The yarn is Alchemy Silk Purse (YUM... though I dread how badly it will eventually stretch and sag) and I used size 4 needles. By the way, I've decided that using anything smaller than size 6 needles for a top is a sure sign that I hate myself. I think I am a size 6, size 7 kind of gal. But finer-gauge knits always look so purty... sigh... oh god, and I just realized that I bought a whole bunch of (light DK weight) Silky Wool for a sweater. A whole sweater! I'm going to dieee!
It's a basic top-down raglan construction with a whole lotta lace. Completely seamless, hurrah! I loathe seaming.
There are lots more pics on my blog here. (I mean lots more. I went a bit overboard in my sheer relief that the thing actually fit. I at least restrained myself from posting all the pics to my blog...)
So I got lured into making Coachella by all the gorgeous FOs floating around, but I didn't much like the recommended yarn. Wandering around the LYS, I found a ribbon-type yarn made of 100% tussah silk, really shiny and gorgeous, and I decided to give it a try, despite dubious experiences with silk yarn in the past.
I mostly stuck to the pattern, but purposely made it a size too small, just because every time I knit the proper size, it comes out too big. Yes, even though I get gauge. I don't understand it, maybe my knitting ignores the laws of mathematics. But going a size down seemed to work out.
I also added extra hip increases, because my hips are the size of Australia.
Isn't it? I am in love with the yarn. Now I want to make a cardigan or something with it. (Which is a problem, because while it's not pricey for a small top like Coachella, it would get pretty pricey in sweater quantities, sigh. I don't think a silk tape sweater would work well anyway... right? Right? Talk me out of this!)
More progress! Hopefully my next post will be a FO post, heh.
Moral: If you don't want a boobie peep show in the front, knit it a size too small! (You'll lose a bit of drape at the front, but I think I like it better this way. YMMV.)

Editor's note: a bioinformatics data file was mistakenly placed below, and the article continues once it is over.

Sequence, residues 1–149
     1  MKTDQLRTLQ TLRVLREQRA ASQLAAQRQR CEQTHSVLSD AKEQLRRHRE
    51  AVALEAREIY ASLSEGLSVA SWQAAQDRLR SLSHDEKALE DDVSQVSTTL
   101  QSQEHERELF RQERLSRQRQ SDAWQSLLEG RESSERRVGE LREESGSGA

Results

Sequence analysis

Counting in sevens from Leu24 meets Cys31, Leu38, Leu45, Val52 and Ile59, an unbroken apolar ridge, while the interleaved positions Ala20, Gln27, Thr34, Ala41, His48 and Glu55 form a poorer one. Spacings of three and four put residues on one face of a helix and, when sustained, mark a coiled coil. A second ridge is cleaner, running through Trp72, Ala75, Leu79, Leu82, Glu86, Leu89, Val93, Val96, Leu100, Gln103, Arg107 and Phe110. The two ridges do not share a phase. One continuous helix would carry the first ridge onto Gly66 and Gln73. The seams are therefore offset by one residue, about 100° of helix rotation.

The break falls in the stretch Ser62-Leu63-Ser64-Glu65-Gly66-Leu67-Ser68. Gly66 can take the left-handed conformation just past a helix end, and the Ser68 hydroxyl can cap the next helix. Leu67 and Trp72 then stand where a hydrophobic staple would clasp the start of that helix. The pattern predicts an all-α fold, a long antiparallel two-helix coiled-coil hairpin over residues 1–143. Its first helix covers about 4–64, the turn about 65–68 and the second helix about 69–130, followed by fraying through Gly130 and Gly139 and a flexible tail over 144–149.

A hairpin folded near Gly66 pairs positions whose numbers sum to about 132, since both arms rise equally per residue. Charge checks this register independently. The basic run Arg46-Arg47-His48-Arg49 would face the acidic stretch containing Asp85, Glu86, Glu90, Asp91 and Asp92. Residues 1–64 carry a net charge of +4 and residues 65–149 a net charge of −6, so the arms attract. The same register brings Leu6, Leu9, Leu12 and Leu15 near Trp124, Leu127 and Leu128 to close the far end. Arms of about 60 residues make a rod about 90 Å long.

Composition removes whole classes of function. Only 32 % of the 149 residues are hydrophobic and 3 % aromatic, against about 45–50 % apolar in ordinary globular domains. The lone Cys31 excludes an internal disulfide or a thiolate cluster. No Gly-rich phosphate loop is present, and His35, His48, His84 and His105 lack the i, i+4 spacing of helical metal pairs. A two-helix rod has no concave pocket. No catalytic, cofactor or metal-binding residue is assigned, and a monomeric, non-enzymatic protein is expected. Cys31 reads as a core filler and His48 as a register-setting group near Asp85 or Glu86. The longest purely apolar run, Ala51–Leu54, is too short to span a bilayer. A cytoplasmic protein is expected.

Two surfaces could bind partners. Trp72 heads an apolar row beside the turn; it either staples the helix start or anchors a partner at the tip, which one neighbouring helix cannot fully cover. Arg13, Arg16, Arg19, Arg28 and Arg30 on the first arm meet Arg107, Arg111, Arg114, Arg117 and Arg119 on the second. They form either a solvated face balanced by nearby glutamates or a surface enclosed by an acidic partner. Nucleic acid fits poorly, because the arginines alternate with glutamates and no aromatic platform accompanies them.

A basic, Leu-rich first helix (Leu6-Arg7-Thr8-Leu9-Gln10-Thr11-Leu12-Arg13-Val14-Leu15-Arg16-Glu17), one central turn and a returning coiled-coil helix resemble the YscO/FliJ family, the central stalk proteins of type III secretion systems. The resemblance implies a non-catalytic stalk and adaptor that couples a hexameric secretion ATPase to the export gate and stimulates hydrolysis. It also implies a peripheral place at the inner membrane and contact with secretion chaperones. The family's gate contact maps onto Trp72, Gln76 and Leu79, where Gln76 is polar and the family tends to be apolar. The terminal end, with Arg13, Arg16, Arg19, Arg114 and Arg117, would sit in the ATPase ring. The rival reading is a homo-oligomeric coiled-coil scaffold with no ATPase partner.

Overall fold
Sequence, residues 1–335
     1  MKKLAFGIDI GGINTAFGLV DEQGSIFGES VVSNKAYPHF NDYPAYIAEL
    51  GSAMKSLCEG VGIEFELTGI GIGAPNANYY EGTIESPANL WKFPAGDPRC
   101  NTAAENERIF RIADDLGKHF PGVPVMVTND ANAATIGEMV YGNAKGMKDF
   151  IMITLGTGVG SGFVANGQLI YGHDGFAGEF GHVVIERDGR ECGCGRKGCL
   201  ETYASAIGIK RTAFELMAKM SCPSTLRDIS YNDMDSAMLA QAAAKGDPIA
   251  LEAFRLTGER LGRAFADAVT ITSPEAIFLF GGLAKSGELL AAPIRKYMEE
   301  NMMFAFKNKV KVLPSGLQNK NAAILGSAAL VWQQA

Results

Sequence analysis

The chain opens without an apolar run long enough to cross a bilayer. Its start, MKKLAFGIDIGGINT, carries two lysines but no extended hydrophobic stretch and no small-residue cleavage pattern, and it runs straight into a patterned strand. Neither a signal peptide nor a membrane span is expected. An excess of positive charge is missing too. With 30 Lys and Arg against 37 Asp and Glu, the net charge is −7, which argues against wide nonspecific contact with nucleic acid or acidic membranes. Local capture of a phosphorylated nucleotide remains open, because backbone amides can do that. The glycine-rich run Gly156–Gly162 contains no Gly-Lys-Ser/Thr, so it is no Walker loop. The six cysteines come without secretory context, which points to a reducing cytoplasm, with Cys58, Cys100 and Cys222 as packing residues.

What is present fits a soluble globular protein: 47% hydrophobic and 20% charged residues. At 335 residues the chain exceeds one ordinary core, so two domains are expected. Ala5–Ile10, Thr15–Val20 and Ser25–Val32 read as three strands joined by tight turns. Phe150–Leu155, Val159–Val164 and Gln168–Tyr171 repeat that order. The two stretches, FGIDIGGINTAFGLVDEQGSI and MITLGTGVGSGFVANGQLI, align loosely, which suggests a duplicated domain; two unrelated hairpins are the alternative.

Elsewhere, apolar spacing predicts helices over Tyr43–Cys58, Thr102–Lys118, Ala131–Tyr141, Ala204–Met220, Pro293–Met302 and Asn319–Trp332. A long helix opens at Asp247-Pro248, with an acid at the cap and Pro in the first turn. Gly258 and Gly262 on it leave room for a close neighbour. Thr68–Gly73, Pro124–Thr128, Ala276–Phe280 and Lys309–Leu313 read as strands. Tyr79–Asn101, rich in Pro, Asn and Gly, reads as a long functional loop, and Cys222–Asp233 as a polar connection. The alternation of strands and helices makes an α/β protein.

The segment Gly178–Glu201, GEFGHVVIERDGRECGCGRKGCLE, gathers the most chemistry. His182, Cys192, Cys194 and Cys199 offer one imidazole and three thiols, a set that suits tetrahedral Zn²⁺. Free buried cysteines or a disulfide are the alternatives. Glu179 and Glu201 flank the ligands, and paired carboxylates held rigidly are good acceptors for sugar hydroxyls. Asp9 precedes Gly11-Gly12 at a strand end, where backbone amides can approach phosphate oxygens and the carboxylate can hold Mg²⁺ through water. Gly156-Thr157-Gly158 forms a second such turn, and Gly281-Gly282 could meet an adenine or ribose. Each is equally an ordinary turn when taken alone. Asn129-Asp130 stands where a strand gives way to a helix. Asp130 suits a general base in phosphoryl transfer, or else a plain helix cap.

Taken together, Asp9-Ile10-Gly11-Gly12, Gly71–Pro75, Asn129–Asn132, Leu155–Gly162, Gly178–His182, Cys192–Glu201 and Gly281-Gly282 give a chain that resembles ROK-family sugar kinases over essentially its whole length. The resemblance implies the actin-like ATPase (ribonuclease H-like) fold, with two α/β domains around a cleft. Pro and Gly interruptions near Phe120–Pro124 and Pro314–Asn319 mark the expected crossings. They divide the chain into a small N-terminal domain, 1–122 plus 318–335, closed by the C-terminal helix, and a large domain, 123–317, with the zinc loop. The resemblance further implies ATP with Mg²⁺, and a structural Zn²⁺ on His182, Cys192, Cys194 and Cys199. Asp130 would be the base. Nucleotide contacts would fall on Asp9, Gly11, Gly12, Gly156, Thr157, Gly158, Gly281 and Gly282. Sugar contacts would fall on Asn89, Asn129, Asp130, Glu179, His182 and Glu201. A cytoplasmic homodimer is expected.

So cute and fuzzy and scary with its big pointy teeth! (Also that damn thing has beaten me up in the game way too many times.) I decided I had to knit one. And it had to be... a bag! I like functional monsters.
So I give you the Vicious Gnauga Backpack:
Drawstring and straps:
Handy inside pocket for keys and stuff:
Roomy (and furry!) interior... and what's that inside? Monster brains?
Nah, it's just a ziploc of yarn. Rowan Calmer, to be exact. I wish all my bags contained ziplocs of Calmer...
So. A few things:
- Pattern is my own (haven't written it up yet), and it's made out of two balls of Bernat Softee Chunky and about 150 yards of cheap imitation Fun Fur that I found in a clearance bin (gee, I wonder why it was there), plus a bit of Patons Classic Wool for the teeth and drawstring.
- Fun Fur is evil.
- I have discovered that I can't sew for crap. Any part of this project that required sewing (attaching the face, straps, and pocket) generally had to be redone three times or so because I kept screwing it up. By the time I got to the last bit of sewing, which was attaching the pocket, I thought I had gotten the knack of it... and promptly stitched the straps down to the bag by accident. Graaaaah.
- The bag is not lined because I am deeply, deeply lazy. I double stranded the Softee Chunky and the Fun Fur, so the fabric is fairly dense, but it's still a pretty stretchy bag. I wouldn't carry around bricks in it, if for some reason I wanted to carry around bricks, which I wouldn't, because I am not a crazy person.
- Fun Fur is really, really evil. Especially when you try to sew things to it.
- You can see bigger versions of the pics at my Flickr. I'd say that there's more info on my blog, but there totally isn't. Unless you want to read about some of my sewing mishaps and laugh at me, in which case, go here and here.